Lessons I Have Learned
I have been living with terminal bladder cancer for nearly three years now. I feel so incredibly fortunate to have had this extra time; this is something we didn't think would happen. I don't take any day for granted now. I would like to share some advice that I feel may help you on your journey.
Firstly, breathe... and remember to keep breathing. Life does get overwhelming now and then, and never more so when you have hospital appointments all over the place. One thing that I have done is to have a folder, with the names of each doctor that I see, on an index separator. This way if I ever need to find a letter or blood forms, I can easily look them up. This has saved me many hours of hunting through paperwork.
Sticking to official bladder cancer websites
Try not to use Dr. Google - he is not your friend! There is so much information out there on bladder cancer, from wellbeing sites to official bladder cancer sites. Try and stick to the official sites. Don't google statistics unless you want to give yourself a heart attack. I googled mine and it said I have a 19% chance of making it 5 years - seriously depressing. Don't do it, step away from the computer.
A place to jot down questions
Have a little notepad in your handbag, or if you are a man, in the car? This way if you think of any questions you need to ask, you can write them down as soon as they come into your mind. Don't rely on your memory as when you are in the doctor's office, all thoughts go out of the window.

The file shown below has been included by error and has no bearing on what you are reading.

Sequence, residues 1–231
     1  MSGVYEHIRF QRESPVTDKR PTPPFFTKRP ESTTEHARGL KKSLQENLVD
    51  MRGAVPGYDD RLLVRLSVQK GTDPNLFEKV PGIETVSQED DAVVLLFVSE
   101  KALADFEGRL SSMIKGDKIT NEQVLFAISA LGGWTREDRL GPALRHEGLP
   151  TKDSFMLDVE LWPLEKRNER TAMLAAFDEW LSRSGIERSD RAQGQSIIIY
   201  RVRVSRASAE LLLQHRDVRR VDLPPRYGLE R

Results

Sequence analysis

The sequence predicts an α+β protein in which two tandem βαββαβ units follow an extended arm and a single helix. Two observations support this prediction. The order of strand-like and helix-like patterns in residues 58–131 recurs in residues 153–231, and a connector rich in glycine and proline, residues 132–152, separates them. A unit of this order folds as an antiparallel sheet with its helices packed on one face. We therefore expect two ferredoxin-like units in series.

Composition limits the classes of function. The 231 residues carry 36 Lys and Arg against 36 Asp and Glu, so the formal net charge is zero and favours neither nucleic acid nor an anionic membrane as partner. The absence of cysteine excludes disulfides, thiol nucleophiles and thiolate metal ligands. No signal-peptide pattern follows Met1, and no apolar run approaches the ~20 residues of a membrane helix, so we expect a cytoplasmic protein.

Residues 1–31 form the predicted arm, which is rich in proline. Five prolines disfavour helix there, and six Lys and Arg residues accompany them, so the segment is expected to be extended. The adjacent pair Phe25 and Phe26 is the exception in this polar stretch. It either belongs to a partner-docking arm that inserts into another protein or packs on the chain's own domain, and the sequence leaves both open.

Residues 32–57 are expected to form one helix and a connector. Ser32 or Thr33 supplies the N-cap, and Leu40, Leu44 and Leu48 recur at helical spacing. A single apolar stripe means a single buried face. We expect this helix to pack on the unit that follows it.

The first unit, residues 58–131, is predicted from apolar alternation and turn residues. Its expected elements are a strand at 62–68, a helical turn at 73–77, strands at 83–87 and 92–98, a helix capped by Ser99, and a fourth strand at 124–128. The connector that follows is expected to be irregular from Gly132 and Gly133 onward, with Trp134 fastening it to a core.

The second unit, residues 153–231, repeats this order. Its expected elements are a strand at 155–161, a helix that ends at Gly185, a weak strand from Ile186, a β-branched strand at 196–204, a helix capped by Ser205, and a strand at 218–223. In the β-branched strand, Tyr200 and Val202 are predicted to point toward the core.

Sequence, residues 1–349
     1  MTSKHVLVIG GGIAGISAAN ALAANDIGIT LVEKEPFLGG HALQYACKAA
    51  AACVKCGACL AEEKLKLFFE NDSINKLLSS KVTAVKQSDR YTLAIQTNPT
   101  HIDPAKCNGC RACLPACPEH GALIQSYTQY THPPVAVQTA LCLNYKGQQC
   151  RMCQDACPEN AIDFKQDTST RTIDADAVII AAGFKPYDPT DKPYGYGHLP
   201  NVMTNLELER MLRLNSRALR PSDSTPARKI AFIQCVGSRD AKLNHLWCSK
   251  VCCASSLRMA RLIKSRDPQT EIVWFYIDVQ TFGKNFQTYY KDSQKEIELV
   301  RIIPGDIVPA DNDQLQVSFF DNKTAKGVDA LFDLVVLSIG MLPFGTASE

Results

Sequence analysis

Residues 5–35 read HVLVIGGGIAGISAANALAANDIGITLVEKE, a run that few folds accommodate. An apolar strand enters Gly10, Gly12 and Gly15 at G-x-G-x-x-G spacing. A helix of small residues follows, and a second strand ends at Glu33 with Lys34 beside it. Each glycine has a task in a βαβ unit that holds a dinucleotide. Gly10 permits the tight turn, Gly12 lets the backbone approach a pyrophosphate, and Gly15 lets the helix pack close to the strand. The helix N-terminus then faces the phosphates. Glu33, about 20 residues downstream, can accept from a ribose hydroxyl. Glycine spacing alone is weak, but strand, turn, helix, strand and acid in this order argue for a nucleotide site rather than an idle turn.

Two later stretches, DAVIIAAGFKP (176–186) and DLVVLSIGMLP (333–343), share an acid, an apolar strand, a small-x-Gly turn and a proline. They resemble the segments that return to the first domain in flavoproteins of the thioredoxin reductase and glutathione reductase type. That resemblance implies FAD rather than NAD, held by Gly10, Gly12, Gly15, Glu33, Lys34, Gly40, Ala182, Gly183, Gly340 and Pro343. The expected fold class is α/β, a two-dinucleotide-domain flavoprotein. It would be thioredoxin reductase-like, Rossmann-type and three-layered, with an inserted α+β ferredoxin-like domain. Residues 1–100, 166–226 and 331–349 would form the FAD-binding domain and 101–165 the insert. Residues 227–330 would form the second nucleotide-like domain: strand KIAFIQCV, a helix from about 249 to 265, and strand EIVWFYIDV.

Also, be aware that you will all hear different things at appointments. Sometimes I would question whether my son and husband had been in the same meeting as myself. We all hear what we want to, and our minds are very clever and dismiss stuff they don't want to deal with. So, ask if you could record the conversation for future listening. Most doctors will allow this.
There is no "right" way to cope
Remember, there is NO "right" way in which you deal and come to terms with having bladder cancer. Try not to get bogged down by the "why do I have bladder cancer?" or "what if I had done this..." It isn't going to help you in the slightest, and it's not going to change your situation either. You have bladder cancer, and you are going to have to deal with it. It sounds harsh, but it's the reality of the situation.
You can deal with it however you want to, but deal with it you will. Those first few months, you will not know what has hit you. there will be scans, blood tests and appointments all over the place. You will wonder what language the nurses and doctors are speaking. If you do not understand anything, then please make sure you ask, even if it seems silly to you, there are no silly questions where cancer is concerned.
Saving your energy
Once people hear what's happening to you, old friends and acquaintances will start coming out of the woodwork. Only let those people you want to see, come and see you. People want to make their peace, but that is their issue, not yours. If you do not feel up to seeing anyone, then stand your ground. You will need to save your energy for more important things.
Stay tuned for Part 2, where Anita shares more lessons she has learned.
How long did you wait before telling others about your diagnosis?